How does this relate to OpenCyc?

The OpenCyc release of the Cyc Knowledge Base is unrelated to the Java APIs and is still fully supported. It is available here.

Because some methods in the new APIs are based upon functionality that is not present in OpenCyc (most prominently, the functionality in the class), some methods will throw exceptions when run against an OpenCyc server. For more information on which Cyc platforms the APIs work with, visit the downloads page. A migration guide is being developed to ease the transition away from the OpenCyc API.

How does this relate to the OpenCyc API?

The Java API known as the "OpenCyc API" is deprecated, and is being superceded by the Core APIs: the Session API, KB API, and the Query API. A migration guide is being developed to ease the transition away from the OpenCyc API.

The Java API (KB, Query and Session APIs, along with future extensions) is intended to be the main API suite used by Java developers when communicating with Cyc.

The Java API suite builds on some of the functionality from the now-deprecated OpenCyc API. As such, much of the OpenCyc API code has been migrated into the Base Client artifact, and could be used by java developers. However, we strongly caution against using any code from the Base Client directly, as it does not have API status and is subject to change without warning.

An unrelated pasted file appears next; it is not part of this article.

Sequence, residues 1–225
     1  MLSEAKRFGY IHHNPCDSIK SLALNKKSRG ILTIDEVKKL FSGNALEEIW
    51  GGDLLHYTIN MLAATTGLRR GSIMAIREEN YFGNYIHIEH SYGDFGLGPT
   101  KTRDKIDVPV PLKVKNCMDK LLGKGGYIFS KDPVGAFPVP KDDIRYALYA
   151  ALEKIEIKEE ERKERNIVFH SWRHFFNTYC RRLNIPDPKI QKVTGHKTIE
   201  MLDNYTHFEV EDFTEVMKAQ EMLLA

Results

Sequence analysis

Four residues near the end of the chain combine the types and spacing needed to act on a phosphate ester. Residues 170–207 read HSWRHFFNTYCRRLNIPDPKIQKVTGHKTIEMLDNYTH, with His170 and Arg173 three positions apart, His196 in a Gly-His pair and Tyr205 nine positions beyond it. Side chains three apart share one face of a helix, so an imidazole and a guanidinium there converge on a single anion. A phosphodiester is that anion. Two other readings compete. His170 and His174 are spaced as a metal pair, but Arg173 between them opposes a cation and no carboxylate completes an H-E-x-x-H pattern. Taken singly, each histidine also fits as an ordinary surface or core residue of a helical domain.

How do I install a jar into my local Maven repository?

Installing the APIs to your local maven repository bypasses the need to connect to a remote repository. The default location of your local repository on your system is:


You can change this by modifying your settings.xml file, but this is not necessary to get things working. See for more information.

For instructions on how to install the Cyc APIs into your local Maven repository, visit our Download page.

API Usage

How do I specify the location of a Cyc server?

Cyc server specification is now configuration-driven, via the new Session API. This provides substantial flexibility: servers may be specified via Java System properties, configuration files, interactive dialogs, or custom configuration modules. This also means that projects can be configured within most modern Java IDEs.

For detailed instructions, see the session configuration HOWTO.

How do I terminate a connection to a Cyc server?

The Session API's SessionManager is ultimately responsible for overseeing connection pool management. Connections may be reused across sessions, and in most cases, you should not need to worry about creating, caching, or closing connections to Cyc servers. Normally, you should only need to close individual sessions when you are done with them; the SessionManager will close the underlying connection once there are no other resources which rely upon it. However, when necessary, it is possible to force the SessionManager to close connections. For details, see Session API connection management.

How do I configure API logging?

All Cyc APIs use the SLF4J logging API. This makes it much easier to integrate them with your preferred logging framework, but it also means that some configuration is necessary for the API to produce log output.

For detailed instructions, see the Cyc API Logging HOWTO.